Community Water Rescue




Larissa Kazema and Gracie VanAkin volunteer to demonstrate water rescue and safety techniques on Star Lake. Photo by Aiyana Fortin
Larissa Kazema and Gracie VanAkin volunteer to demonstrate water rescue and safety techniques on Star Lake. Photo by Aiyana Fortin


BELMONT, Vt. – Don Richardson, with 42 years of lifeguarding experience, organized a recent educational water rescue event.

The event was an opportunity for the community to learn the basics of water safety and how to rescue someone in a panicked situation.

A staged water rescue proved how easily a fun canoeing trip on the lake could turn into a disaster, and how to save someone who’s drowning without becoming the next victim.

With Star Lake’s reconstruction and upgraded swimming and boating area, there has been much more swimming activity this summer than in recent years. What is typically a shallow lake now has some deeper waters because of the reconstructed dam, and this increases the likelihood of being in a dangerous situation, Richardson said.

He said as humans we live on a planet that is 75 percent water. Animals with gills can thrive in this habitat, but most mammals had better stay on land, including humans.

Water provides us with nutrients and a source of recreation, but it poses two problems: prolonged swimming in cool waters will lower body temperature, and everyone needs to breathe.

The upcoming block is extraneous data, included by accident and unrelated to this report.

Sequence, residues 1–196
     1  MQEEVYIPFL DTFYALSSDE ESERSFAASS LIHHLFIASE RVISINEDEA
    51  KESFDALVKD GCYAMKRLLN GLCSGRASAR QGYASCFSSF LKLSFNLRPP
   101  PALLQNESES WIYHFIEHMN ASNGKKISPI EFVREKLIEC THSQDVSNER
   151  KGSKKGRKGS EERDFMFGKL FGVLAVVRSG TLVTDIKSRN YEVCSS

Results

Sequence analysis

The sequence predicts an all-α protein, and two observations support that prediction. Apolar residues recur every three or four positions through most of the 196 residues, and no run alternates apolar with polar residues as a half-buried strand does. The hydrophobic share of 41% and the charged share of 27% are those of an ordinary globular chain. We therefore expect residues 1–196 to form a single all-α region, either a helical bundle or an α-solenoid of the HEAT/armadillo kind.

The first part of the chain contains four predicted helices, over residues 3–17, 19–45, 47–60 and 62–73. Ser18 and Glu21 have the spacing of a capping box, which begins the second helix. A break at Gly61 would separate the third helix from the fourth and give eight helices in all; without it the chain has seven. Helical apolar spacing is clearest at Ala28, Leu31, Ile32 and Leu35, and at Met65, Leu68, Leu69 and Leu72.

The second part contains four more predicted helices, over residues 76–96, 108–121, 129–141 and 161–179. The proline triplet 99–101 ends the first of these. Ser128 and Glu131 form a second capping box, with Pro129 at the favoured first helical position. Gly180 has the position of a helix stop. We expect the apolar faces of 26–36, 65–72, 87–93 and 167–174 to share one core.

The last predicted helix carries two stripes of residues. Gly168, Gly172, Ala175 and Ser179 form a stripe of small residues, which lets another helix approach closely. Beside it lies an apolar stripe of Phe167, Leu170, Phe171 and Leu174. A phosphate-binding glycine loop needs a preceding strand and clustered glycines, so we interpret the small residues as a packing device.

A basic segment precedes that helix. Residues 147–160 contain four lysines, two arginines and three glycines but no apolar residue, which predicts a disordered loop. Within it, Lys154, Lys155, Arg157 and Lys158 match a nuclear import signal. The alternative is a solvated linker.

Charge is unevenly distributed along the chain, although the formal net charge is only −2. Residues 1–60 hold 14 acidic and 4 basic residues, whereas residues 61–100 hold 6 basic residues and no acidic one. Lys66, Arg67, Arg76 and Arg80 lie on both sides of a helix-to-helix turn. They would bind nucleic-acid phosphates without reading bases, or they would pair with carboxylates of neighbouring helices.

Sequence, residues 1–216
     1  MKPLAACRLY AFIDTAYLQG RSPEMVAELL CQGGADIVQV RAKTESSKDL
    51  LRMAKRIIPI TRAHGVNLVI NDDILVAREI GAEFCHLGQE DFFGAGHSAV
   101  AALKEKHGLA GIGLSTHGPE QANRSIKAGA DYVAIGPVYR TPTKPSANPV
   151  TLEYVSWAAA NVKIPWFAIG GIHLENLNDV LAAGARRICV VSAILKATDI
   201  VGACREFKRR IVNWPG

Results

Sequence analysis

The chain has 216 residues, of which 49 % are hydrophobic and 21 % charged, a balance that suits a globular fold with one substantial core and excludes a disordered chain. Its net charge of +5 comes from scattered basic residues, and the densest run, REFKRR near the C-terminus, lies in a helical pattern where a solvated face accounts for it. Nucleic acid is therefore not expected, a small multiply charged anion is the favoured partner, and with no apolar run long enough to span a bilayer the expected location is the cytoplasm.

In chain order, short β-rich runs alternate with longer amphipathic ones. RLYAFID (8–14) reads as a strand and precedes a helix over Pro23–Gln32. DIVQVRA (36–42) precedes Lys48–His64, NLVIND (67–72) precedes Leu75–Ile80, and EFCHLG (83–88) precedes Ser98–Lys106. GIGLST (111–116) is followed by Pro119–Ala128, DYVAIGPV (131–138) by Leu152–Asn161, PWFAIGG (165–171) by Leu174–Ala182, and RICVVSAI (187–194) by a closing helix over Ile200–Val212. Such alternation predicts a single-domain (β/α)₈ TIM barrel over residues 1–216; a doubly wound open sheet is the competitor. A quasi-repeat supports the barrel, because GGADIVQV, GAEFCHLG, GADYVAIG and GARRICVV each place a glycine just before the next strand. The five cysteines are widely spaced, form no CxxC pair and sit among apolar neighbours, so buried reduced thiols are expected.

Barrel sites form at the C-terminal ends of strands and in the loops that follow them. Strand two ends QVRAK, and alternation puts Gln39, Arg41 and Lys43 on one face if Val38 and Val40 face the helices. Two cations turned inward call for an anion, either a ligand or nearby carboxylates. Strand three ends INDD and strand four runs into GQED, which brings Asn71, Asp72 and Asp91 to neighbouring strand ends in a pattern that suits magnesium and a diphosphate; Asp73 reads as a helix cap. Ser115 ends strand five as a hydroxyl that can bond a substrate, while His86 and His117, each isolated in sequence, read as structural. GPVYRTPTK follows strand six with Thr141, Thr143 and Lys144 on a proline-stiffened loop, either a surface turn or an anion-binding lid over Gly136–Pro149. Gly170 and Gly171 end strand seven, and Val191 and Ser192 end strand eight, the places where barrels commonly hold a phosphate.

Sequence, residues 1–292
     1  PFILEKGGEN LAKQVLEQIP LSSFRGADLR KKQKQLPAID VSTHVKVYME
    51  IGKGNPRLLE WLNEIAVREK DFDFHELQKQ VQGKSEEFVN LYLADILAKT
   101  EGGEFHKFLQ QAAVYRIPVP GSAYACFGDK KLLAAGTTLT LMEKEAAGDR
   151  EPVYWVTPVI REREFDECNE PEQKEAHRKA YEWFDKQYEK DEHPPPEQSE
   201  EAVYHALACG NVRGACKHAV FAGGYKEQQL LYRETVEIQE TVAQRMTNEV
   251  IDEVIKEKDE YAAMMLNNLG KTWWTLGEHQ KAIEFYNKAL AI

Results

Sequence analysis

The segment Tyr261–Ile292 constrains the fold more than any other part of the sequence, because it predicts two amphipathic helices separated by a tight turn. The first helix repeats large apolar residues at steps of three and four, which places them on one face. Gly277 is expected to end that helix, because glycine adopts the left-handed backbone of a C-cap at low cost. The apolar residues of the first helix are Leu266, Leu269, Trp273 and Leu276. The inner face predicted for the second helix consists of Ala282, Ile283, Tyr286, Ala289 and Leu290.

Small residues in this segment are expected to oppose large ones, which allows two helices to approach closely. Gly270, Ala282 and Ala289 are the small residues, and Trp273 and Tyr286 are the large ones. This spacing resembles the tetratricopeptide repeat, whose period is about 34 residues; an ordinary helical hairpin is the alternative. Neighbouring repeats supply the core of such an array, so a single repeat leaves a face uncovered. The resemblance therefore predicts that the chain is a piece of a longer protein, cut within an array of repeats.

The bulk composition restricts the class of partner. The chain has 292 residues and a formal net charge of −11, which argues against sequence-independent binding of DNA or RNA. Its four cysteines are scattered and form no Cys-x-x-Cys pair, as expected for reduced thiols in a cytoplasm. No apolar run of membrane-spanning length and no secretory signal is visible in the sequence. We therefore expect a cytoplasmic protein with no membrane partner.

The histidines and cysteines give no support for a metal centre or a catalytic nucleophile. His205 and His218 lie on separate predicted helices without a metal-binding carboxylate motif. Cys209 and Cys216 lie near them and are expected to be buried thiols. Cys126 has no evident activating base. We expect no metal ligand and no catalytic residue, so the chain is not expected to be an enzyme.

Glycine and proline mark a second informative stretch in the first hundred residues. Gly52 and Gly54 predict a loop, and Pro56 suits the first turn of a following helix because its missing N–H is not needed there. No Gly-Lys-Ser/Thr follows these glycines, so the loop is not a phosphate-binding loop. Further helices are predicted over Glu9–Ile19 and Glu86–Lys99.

Richardson said that in a panic, water can become a lethal weapon. We can only breathe if our head is above water. Luckily, most people have enough air in their lungs to create a buoyant effect that will keep them above water, at least enough to breathe, if not swim to shore. Kicking can be your asset, propelling you to safety and keeping your head above water.

In the event that you are out on the water in a boat and the boat tips, do not panic. The boat will likely push away from you, but if it’s floating, it’s a perfect object to hold onto to breathe and eventually swim back to shore.

If you are in the position to save or rescue someone who is drowning, do not become the next victim. Getting in the water is a last resort. Row a boat over to help the victim and give them a rest, throw something that floats to them and secure the other end of the rope, pull them to shore once they’ve grabbed onto some floating device, and if all else fails, go in yourself. Bring a tool to help both of you, and let them relieve their panic and breathe before trying to help them back to shore.

Larissa Kazema and Gracie VanAkin volunteered  with Richardson for roleplay of a possible incident on the water. While on an afternoon canoeing trip, they got distracted and the boat tipped over, sending both into the lake.

Larissa and Gracie both remained calm as they kicked their feet, breathed deeply, righted the boat, and began to push the boat to shore.

Strong swimming skills are essential for spending recreational time on water, and it’s important to have a plan of action in case something goes wrong, Richardson said.

“What will you do?” He said. “How will you breathe? Who are you with? Fear and panic are your worst enemies, and be wary of exhaustion. Row, throw, tow, and then go out into the water. Don’t become the next victim.”

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